Logrolling: Exploring Vote Trading in Politics

Table of Contents

what is logrolling

What is Logrolling? 

Logrolling refers to when two (or more) legislative coalitions agree to trade or exchange votes in order to get their respective ‘pet’ bill passed.

A long-standing and common practice in the U.S. Congress, logrolling comes into play between legislators who have little vested interest in each other’s bill. Each will vote how the other wants them to in order to get both (or multiple) bills passed or potentially blocked.

For example, let’s say one legislator (X) strongly backs a bill that increases the budget for developing renewable energy while a different legislator (Y) wants to cut tax rates for the food industry. X approaches Y, offering to support Y’s bill if Y votes for their renewable energy bill. Y agrees. Both parties have gained support (imagine the amount of support if a policymaker successfully logrolls multiple constituents) and increased their chances of getting their legislation eventually passed in Congress.

It’s as the expression goes: you scratch my back, I’ll scratch yours. Or as they supposedly said on the American frontier, you roll my log and I’ll roll yours. Logrolling comes down to quid pro quo, or according to some, compromises that allow democracies to run.

For the most part though, people reserve the term ‘logrolling’ for the creation of a majority-sized ‘coalition of minorities.’ ‘Vote trading,’ on the other hand, refers to the two-person trading portrayed in the example of X and Y.


Logrolling’ apparently emerged from the logging regions in Maine. Settlers cut trees to expand farming land and used the logs to construct houses. Moving these heavy logs from clearings to building sites, however, proved impossible for families. That’s why neighbors helped one another roll logs, eventually leading to the creation of the term ‘logrolling.

Types of Logrolling in Politics

“My people don’t like me to log-roll in their business, and vote away pre-emption rights to fellows in other states that never kindle a fire on their own land,” said Congressman Davy Crockett in 1835. Crockett was the first representative to mention logrolling in politics. Straying from the term’s roots in reciprocity and community, Crockett gave logrolling its negative connotation that remains to this day.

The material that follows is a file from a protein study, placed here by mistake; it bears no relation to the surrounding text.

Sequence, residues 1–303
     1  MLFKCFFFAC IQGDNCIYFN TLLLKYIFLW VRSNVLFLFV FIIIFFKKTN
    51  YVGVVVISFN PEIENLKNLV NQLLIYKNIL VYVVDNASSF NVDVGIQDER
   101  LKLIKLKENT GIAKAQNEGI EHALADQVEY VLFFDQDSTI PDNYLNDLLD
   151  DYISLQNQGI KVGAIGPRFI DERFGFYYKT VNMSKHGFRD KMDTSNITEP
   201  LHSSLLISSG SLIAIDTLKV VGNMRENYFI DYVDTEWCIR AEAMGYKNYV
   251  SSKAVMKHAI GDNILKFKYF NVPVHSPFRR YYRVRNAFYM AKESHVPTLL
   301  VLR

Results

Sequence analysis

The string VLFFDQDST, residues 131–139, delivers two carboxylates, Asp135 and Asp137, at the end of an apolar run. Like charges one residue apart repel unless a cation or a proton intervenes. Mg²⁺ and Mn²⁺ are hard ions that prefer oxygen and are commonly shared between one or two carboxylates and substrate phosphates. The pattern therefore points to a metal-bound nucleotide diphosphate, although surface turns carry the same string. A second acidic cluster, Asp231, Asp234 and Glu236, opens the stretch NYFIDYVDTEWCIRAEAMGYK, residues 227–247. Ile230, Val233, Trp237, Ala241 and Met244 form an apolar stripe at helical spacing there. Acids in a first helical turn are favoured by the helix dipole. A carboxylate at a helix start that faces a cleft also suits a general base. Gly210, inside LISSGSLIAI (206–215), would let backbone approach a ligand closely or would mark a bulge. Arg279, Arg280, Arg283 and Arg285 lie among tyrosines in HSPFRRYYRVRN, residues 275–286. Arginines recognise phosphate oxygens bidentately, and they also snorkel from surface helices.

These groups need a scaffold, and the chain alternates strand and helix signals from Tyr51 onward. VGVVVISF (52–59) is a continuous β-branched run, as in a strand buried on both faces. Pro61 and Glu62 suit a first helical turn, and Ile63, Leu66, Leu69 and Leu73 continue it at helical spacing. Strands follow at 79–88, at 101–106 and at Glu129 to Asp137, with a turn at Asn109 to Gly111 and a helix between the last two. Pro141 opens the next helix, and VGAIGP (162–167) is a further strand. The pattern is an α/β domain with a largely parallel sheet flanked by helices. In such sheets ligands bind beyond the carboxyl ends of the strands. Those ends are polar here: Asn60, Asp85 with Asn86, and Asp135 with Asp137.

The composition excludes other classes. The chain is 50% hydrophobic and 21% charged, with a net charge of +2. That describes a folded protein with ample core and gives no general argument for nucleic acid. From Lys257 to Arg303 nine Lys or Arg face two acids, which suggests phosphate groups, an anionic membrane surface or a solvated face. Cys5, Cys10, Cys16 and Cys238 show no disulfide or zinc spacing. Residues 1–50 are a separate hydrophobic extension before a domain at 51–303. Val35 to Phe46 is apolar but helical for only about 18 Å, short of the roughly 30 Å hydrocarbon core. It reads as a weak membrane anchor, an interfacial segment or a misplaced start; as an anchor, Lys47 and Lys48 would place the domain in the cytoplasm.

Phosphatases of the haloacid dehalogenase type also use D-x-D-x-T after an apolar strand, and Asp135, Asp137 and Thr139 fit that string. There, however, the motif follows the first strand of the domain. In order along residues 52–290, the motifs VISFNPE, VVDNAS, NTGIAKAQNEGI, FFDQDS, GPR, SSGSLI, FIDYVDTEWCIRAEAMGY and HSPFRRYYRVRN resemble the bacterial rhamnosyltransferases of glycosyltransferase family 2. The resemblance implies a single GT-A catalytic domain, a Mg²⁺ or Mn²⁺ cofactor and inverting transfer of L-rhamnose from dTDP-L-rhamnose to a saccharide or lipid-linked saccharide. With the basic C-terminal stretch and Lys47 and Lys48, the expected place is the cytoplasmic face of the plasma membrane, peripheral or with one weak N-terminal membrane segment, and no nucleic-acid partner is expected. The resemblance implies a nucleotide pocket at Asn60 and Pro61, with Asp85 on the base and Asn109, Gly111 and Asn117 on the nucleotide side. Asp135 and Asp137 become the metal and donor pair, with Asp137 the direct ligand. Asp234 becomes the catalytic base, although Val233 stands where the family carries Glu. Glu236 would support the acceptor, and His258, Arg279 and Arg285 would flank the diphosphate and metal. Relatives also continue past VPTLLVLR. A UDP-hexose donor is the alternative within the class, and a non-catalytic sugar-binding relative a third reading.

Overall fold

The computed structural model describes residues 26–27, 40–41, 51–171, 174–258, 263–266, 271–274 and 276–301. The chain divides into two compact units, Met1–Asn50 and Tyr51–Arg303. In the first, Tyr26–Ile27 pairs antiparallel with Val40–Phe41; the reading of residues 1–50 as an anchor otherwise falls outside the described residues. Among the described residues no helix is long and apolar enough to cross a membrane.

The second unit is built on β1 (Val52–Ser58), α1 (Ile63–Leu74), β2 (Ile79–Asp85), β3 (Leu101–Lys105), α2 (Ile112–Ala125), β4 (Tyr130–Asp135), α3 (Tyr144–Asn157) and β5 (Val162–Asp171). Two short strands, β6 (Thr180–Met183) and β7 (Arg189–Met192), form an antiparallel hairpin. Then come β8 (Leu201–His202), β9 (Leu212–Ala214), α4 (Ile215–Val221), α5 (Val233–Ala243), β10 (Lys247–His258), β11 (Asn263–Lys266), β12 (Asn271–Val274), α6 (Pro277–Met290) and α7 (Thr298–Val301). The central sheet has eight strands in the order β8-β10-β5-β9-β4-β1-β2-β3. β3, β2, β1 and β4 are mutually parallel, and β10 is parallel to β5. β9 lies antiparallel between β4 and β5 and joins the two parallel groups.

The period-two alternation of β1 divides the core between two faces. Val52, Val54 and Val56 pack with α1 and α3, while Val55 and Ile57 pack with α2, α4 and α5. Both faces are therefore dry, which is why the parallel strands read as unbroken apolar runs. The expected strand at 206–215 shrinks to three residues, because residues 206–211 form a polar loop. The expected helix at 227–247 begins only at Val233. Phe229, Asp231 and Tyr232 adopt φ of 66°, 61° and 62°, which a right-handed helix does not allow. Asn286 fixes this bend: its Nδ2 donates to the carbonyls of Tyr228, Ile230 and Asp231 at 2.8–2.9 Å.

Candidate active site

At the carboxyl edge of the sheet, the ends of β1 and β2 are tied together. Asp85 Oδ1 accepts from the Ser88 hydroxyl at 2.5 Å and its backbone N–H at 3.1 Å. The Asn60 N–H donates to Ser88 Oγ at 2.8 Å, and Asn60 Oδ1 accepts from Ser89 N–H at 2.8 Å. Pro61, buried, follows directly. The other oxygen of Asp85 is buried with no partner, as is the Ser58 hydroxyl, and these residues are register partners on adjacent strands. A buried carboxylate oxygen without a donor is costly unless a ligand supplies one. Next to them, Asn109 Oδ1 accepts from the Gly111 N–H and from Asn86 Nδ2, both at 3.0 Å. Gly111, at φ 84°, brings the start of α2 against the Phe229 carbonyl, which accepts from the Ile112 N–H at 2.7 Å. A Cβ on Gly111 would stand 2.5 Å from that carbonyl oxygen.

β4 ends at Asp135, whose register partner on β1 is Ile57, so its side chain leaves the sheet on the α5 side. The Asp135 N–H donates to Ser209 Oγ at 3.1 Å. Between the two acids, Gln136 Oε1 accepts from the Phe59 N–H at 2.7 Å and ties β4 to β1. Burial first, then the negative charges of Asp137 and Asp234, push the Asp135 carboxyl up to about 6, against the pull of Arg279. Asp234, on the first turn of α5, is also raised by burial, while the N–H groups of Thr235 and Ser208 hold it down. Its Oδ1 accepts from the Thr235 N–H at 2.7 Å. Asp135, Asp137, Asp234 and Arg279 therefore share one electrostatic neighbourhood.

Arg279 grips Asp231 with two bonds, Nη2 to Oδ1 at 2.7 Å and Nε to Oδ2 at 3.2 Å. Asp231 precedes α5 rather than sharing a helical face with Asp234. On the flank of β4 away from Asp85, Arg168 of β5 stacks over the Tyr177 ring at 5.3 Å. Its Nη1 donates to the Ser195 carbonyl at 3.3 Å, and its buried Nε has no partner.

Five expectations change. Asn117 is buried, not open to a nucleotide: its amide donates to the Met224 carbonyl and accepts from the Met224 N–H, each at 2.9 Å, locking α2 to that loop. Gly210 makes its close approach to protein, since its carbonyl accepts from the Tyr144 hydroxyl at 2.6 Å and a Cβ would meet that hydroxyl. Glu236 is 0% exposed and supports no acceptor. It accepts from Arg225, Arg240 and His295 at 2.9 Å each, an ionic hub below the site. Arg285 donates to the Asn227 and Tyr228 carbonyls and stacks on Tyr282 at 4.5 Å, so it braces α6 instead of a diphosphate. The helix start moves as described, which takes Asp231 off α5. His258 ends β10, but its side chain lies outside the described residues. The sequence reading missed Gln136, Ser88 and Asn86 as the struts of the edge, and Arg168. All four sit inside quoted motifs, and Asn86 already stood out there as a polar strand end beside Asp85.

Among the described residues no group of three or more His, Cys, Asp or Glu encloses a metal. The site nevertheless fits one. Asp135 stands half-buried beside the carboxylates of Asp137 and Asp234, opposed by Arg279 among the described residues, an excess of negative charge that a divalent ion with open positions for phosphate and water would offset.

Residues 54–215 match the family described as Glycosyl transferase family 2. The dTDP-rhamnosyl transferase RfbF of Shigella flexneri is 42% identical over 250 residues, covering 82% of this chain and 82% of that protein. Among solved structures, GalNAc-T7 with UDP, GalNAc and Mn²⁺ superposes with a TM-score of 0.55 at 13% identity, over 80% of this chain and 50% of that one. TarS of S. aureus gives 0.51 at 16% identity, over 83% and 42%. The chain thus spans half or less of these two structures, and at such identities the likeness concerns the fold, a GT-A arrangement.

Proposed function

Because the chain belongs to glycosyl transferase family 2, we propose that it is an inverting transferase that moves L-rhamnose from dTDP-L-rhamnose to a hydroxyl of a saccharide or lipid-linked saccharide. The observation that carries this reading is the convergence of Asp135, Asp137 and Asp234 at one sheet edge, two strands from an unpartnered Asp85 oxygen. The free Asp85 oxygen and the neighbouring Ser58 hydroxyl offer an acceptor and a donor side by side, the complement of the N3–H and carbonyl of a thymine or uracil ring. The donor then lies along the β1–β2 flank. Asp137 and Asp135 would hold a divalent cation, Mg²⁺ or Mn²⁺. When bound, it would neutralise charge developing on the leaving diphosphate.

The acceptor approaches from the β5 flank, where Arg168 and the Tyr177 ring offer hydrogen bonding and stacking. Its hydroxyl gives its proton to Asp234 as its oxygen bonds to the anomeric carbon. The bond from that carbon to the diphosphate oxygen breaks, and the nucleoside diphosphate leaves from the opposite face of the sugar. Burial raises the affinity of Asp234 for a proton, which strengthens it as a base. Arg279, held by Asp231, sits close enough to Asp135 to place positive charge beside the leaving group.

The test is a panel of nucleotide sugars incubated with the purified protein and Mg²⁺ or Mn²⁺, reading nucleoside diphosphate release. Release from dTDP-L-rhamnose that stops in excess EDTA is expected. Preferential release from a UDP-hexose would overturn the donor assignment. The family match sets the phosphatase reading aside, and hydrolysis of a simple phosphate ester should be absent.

Three types of logrolling in politics exist:

  • Logrolling in direct democracies: a handful of voters participate openly, making their votes easy to trade, rearrange, and trace
  • Implicit logrolling: large voting bodies decide complex issues without formally trading support
  • Distributive logrolling is the most known type, where legislators ensure their projects receive support. Policymakers logroll to secure their district policies, pork barrel, and/or earmarks regardless of whether they are efficient or beneficial to the public at large

Beyond the other types of logrolling, distributive logrolling tends to concern the watchdogs and the general public alike. Some consider it a corrupt part of politics, where legislators will try to get some personal benefits (e.g. road renovation near their residence) that might only help a small population even though tax money from citizens around the country are funding it. Critics of logrolling classify it as inefficient or wasteful spending.

Deeper into Logrolling Legislation

But back to the example of legislators X and Y.

Essentially, X and Y are trying to achieve a simple majority for their respective legislation. In other words, they want to have more votes for rather than against enacting their Bills.

But the X and Y do not operate in a vacuum, where they serve as the only two lawmakers. At least, that wouldn’t be the case in most governments, including the U.S. For this reason, the votes of the other legislators obviously matter, diluting the power of a single vote in reality.

You can probably see how politics can easily become a complicated dance. X and Y might agree to come together on X’s renewable energy bill, but a trio of legislators could band together to vote against the legislation. This is known as ‘counter-logrolling.’ On a Congressional-wide scale, members can end up creating sizable coalitions through logrolling, racing against opposition to gain a majority following.